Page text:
Early in the semester, I had devised lists of equipment necessary to display each work selected for the exhibition. Moreover, I learned to use SketchUp software to create visualizations of each installation. The setups were generally straightforward -- display and playback devices, speakers, and various connecting cables -- though it was not until Ellen and I had the equipment in hand and completed a dry-run of the first setup that I began to understand some of the minutiae of exhibition planning for the gallery setting. With the installation assembled, I considered aesthetic details as precise as color and positioning of extension cords and other wires. 

    Although such elements seemed inconsequential at the SketchUp stage, seeing the installations progress from visualization to realization allowed me to understand the importance of such diminutive details to the overall aesthetic of each piece.  It also allowed me to more fully appreciate the labor that takes place within exhibition spaces. In this way, my internship with the University Art Gallery has provided a new way of seeing not just at the global level through a newfound appreciation for contemporary Chinese audio-visual culture, but also right here in Pittsburgh, since no gallery visit will ever be quite the same for me again.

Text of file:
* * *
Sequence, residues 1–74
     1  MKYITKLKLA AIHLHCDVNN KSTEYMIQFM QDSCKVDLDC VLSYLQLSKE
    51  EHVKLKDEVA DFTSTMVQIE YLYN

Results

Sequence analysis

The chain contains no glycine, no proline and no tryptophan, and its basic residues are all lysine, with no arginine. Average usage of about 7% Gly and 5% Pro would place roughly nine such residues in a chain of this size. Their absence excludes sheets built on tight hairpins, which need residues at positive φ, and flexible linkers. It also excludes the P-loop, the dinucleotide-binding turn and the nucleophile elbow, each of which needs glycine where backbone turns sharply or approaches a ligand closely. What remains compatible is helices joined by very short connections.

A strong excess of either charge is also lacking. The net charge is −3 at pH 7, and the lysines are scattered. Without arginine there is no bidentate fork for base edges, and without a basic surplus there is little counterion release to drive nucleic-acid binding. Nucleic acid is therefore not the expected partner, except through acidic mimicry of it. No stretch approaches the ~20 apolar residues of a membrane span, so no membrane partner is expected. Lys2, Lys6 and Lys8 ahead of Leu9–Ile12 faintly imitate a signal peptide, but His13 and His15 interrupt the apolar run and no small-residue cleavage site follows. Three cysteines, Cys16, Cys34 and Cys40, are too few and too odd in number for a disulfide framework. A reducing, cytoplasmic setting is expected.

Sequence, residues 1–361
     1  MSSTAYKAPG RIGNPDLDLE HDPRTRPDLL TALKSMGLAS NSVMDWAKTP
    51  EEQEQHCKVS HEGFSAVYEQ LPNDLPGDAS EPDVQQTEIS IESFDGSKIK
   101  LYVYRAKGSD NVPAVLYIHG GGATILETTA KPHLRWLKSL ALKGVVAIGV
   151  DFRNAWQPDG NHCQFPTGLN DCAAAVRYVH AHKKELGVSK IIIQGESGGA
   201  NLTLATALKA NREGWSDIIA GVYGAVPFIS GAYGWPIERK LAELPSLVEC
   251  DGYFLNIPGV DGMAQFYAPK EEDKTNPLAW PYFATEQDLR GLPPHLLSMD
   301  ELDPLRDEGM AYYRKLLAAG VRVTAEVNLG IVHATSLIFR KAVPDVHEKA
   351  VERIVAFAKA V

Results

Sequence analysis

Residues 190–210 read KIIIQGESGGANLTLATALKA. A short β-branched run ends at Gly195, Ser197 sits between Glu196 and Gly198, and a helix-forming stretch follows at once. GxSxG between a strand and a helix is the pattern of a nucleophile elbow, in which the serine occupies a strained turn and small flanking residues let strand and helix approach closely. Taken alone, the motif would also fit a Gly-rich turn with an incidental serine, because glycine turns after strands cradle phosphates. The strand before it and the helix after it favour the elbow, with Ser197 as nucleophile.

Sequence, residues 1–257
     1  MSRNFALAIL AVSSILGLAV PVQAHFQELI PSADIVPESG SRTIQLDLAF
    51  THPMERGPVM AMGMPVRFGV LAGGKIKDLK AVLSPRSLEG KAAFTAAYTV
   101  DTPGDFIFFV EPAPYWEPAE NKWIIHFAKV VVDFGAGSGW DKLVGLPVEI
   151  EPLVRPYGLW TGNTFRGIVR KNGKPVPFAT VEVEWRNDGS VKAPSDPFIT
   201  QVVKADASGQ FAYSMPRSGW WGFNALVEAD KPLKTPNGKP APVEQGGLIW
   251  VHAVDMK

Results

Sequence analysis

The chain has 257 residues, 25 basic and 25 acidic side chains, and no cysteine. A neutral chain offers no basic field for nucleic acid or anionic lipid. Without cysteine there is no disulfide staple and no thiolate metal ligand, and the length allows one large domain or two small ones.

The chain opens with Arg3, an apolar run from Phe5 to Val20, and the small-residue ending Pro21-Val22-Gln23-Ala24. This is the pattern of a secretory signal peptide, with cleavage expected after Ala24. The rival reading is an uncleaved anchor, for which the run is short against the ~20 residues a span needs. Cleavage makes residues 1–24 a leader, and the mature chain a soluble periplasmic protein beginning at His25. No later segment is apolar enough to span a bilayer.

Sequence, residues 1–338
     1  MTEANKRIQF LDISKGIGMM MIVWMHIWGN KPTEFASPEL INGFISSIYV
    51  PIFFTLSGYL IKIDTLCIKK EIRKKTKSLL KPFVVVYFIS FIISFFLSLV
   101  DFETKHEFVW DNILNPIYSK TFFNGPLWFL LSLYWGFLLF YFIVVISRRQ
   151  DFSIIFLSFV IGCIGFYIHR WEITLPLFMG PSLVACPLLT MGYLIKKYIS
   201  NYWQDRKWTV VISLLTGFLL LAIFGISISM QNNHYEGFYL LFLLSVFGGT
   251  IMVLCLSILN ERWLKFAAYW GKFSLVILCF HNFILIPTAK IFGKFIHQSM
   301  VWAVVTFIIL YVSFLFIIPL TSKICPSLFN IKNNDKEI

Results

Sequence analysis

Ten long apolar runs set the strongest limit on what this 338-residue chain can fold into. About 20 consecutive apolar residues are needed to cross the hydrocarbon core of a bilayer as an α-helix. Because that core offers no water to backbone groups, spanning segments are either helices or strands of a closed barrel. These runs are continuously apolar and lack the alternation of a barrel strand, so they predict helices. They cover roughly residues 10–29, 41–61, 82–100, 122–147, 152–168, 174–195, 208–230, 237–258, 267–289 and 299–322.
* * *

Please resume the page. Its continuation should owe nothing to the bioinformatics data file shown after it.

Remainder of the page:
Categories: 
    • Environment
    • Visual Knowledge
    • Academic Interns
    • Undergraduate Work
    • Spaces
    • UAG
    • Collecting Knowledge Pittsburgh

    Looking at Icons in Visible Storage

     

    Finding Stories at the Heinz History Center

    Museum Studies Intern at the Senator John Heinz History Center – Spring 2019

    Through the course of my internship at the Senator John Heinz History Center I had many experiences which helped me understand museum work better. I was an intern in the curatorial department under Senior Curator Leslie Przybylek and conducted research to help expand the museum’s body of knowledge. I had two great experiences which really shaped and changed my expectations and goals of working in a museum setting. Under the guidance of Ms. Przybylek, I found that what I really wanted to do was tell stories. And what better way to do that than to go and find them yourself?